Dwight Howard consummated his long dalliances with the Rockets late yesterday, giving Houston one of the stranger tripartites in the league. You have the hyped-beyond-his-abilities Jeremy Lin, and the former third option James Harden coming off a 26 ppg season — and now Howard, seven feet of shoulders and 240 pounds of baggage. Maybe Howard did somehow get a raw deal in Los Angeles, where the incumbent superstar has a history of clashing with former No. 1 pick centers who arrive via Orlando, and maybe he will prove those deep playoff runs with the Magic weren't a soft-Eastern Conference fluke. But when you consider the overall arc of Howard's career for the past, oh, four years or so, it has been one of a player moving into his middle age as a pro without developing into a different player than the one he was at 23, and getting frustrated when the league won't bend around him anymore. Los Angeles was the perfect place for a celebrity with Howard's ambitions as a pitchman and pop culture presence. That it didn't turn out well for Howard the athlete surely gave the rest of the league pause, especially after a four-game playoff run that saw the Lakers suffer the worst home playoff loss in team history and Howard ejected early in the Spurs' decisive win. With Kobe sidelined, Howard had a chance to put the rest of the Lakers on his back, whereupon they promptly slid off his Skittles cape.
To give him every benefit of the doubt, washing out of Los Angeles is actually a sign that Howard may in fact be a semi-decent human being. His shoulder was janked up this season; injured players often take more guff than they deserve, and he was sensitive to the abuse. He also knows how to fill a box score like few people can. Howard has led the league in total and/or defensive rebounds every season since '05-'06, he has the fifth-highest shooting percentage (.577) in league history, and his career rebound percentage trails only Dennis Rodman, a player who also like Howard often led the league in tedious off-court drama.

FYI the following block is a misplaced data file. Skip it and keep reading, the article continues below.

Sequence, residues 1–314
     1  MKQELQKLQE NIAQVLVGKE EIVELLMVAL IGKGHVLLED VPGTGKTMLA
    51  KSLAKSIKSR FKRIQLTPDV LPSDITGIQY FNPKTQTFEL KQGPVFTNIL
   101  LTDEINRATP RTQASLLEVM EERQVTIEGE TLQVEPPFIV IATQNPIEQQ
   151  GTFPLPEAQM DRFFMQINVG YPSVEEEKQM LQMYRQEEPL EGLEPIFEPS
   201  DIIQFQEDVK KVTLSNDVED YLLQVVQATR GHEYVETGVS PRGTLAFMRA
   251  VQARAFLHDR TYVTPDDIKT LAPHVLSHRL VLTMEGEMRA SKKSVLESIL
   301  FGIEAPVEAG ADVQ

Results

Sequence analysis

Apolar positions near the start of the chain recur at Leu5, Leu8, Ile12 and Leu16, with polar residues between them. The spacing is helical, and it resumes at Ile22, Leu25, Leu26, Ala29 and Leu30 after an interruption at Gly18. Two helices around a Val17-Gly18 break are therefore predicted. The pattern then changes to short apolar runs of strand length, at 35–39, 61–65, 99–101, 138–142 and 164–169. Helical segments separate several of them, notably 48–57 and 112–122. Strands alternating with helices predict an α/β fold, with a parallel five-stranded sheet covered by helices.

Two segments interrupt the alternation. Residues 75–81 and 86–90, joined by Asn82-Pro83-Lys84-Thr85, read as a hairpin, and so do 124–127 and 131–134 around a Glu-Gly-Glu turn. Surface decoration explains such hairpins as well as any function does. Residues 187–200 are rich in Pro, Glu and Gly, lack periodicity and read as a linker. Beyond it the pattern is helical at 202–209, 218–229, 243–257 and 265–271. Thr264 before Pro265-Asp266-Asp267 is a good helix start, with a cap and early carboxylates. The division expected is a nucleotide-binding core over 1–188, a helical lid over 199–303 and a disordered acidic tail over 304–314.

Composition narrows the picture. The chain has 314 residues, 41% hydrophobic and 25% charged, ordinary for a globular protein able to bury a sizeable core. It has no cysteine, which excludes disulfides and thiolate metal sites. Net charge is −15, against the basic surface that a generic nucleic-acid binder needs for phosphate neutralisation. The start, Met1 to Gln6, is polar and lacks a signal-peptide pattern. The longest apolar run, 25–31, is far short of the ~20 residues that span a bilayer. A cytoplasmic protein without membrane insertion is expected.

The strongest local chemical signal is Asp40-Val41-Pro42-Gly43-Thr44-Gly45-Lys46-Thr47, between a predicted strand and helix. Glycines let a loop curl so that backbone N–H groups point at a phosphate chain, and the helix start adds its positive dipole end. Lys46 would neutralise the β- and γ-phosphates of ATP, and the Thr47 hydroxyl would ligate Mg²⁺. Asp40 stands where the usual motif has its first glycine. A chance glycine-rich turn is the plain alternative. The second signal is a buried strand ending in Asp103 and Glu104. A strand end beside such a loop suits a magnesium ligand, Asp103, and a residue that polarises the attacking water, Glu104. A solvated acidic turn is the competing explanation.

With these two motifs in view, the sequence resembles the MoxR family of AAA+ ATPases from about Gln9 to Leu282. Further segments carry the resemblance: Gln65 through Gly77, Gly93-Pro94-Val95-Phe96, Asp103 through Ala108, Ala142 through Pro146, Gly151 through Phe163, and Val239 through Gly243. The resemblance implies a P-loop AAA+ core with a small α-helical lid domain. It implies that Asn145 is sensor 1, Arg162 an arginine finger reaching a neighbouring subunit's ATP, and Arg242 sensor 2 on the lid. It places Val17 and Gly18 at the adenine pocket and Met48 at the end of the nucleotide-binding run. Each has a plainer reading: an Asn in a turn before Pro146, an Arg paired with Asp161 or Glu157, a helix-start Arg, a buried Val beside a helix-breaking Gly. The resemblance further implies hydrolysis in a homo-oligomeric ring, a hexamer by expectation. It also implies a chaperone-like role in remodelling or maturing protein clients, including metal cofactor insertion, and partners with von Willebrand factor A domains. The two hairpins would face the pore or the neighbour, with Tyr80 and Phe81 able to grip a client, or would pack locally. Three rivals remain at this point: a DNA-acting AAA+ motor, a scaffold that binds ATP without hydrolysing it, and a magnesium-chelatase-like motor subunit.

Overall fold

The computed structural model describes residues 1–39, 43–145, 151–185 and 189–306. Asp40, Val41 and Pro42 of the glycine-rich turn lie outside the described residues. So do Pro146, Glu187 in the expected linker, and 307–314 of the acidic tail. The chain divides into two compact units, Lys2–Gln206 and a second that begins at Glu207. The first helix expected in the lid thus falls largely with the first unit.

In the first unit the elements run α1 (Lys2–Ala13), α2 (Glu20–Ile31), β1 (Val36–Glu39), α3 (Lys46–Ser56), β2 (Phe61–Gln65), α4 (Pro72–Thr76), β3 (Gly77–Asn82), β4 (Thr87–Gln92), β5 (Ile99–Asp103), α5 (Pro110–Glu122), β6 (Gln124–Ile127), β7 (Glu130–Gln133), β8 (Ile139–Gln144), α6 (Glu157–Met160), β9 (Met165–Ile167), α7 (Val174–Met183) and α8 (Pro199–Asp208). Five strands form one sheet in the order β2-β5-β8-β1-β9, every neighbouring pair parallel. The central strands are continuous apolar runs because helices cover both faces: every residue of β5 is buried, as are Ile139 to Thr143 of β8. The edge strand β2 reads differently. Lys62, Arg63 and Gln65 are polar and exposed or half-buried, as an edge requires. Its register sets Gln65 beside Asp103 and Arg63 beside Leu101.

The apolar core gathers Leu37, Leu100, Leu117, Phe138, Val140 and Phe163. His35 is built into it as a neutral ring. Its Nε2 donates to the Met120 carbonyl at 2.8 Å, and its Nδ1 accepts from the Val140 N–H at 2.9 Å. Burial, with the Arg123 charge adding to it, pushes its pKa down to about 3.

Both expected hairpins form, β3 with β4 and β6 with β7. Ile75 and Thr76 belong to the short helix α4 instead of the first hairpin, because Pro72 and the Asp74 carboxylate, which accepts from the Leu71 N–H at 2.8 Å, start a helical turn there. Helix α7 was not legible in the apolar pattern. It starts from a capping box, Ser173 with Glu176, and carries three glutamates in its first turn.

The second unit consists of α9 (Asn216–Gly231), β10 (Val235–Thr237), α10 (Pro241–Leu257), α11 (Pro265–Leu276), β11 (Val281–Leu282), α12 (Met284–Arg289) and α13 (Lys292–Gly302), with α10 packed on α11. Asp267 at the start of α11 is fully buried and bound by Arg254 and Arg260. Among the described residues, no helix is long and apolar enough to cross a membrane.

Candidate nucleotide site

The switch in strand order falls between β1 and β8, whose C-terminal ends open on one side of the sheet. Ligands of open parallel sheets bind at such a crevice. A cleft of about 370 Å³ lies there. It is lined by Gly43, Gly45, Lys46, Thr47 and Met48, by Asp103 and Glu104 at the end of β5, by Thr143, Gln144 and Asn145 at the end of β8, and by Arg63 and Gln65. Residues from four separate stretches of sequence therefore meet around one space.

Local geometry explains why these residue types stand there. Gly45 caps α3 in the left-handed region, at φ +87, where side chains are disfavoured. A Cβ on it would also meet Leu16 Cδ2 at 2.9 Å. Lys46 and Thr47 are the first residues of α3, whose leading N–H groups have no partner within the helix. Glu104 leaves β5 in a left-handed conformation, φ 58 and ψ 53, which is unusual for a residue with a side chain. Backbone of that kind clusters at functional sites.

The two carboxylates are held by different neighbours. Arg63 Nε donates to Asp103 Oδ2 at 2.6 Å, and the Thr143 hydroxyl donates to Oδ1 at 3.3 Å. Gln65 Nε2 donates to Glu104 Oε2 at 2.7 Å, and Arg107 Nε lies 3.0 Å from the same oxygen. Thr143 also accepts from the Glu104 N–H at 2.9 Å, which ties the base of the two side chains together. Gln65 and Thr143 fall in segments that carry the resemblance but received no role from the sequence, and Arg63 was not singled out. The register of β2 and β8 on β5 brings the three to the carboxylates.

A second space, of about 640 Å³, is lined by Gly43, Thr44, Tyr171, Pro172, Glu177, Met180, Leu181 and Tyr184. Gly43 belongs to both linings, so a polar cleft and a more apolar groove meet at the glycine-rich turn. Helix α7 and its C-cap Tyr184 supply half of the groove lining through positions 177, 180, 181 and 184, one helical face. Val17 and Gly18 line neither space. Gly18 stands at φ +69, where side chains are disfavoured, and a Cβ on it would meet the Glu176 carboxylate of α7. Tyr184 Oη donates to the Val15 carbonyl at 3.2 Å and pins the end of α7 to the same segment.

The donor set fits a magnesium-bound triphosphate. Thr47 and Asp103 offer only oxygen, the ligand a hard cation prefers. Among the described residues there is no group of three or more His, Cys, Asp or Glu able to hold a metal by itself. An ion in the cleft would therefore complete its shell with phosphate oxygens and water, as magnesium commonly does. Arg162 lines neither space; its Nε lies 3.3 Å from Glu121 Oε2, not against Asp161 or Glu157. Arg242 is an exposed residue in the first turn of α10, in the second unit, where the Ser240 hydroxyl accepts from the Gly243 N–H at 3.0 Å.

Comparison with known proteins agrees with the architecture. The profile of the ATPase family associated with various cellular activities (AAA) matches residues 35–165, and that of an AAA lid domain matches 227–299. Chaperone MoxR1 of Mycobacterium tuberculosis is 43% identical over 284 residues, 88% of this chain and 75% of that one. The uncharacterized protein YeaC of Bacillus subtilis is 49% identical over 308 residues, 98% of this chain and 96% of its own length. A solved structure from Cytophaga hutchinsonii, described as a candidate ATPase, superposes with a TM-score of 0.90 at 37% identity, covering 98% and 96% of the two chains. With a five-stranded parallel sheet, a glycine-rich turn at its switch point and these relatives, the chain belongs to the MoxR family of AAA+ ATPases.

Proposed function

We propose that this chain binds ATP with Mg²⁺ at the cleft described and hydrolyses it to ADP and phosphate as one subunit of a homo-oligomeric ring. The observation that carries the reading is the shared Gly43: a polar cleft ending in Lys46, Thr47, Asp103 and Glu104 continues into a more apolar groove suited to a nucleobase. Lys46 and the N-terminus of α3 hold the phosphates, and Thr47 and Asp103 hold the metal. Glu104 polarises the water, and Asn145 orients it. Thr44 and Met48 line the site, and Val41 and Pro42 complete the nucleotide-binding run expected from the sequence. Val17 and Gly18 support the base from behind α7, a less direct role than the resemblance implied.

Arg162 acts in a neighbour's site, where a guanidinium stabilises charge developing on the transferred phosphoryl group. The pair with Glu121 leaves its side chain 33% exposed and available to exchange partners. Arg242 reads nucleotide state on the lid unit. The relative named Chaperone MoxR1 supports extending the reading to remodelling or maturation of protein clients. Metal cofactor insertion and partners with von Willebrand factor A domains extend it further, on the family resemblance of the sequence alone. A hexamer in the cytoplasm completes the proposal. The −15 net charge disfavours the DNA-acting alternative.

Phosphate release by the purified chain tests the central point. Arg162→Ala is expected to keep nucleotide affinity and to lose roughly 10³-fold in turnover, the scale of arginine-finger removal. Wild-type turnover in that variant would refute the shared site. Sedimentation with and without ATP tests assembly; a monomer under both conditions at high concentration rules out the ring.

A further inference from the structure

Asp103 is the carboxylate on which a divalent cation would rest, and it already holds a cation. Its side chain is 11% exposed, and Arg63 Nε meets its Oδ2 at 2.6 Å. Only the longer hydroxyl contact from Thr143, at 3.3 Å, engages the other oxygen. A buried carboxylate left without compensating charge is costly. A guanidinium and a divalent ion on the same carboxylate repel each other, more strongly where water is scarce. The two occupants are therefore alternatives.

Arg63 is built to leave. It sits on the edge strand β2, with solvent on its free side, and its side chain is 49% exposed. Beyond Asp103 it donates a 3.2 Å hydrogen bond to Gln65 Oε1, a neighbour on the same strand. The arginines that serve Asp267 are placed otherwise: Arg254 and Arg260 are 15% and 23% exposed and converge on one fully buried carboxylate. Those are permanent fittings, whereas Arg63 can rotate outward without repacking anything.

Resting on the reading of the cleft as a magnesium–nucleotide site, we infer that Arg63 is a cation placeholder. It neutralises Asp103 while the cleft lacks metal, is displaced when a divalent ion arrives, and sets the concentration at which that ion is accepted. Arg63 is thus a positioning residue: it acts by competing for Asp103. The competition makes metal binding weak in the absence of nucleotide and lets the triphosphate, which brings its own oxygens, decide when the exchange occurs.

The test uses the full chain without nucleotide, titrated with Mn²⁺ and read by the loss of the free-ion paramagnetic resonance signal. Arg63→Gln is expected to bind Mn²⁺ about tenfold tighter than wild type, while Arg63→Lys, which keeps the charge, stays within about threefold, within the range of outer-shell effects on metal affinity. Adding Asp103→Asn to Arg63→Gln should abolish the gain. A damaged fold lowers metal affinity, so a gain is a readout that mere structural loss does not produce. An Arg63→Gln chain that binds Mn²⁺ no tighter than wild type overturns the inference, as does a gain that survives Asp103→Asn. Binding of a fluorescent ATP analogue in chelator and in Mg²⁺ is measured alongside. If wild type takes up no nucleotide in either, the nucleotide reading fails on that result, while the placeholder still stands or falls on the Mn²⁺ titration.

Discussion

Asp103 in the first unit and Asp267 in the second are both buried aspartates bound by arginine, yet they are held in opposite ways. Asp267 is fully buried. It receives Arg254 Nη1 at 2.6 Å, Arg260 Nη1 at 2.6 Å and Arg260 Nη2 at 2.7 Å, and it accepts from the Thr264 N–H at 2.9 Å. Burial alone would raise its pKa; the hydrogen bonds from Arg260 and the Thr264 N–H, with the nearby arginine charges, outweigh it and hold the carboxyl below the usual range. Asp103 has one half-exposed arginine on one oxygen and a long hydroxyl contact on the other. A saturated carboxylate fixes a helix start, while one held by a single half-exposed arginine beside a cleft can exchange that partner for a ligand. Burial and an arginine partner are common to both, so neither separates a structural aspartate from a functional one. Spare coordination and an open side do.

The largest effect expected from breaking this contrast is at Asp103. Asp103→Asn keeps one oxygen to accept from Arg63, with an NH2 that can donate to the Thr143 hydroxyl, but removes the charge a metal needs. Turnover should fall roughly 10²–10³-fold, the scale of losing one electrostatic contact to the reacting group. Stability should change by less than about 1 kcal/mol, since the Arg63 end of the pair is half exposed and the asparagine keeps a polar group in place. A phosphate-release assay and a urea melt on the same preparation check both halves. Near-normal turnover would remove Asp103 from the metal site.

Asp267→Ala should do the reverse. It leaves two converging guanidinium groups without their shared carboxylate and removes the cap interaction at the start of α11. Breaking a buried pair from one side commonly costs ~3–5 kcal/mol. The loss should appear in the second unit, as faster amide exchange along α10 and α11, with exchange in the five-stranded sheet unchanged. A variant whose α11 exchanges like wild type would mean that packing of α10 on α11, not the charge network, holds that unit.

A less physically gifted but otherwise Bizarro World version of Howard, Rodman won five titles with the Pistons and Bulls by eating glass and embracing the role of scoundrel. He won ugly, literally, and did not go on to sell McDonald's hamburgers at children. It was Hakeem Olajuwon who wooed Howard to Texas, but Rodman should be his role model, because after two bad breakups in two years, Howard's family-safe persona is looking more like hollow schtick. If he can become the player we actually love to hate, maybe someone will actually feel something when the Hall of Fame eventually waves him in, shrugging.
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